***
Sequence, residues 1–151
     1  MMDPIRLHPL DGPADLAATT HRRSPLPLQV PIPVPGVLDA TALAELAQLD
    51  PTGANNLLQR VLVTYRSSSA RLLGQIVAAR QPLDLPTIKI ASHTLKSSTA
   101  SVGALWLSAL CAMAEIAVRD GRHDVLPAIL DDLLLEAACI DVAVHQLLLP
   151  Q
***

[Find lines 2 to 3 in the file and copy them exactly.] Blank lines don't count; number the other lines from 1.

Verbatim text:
     1  MMDPIRLHPL DGPADLAATT HRRSPLPLQV PIPVPGVLDA TALAELAQLD
    51  PTGANNLLQR VLVTYRSSSA RLLGQIVAAR QPLDLPTIKI ASHTLKSSTA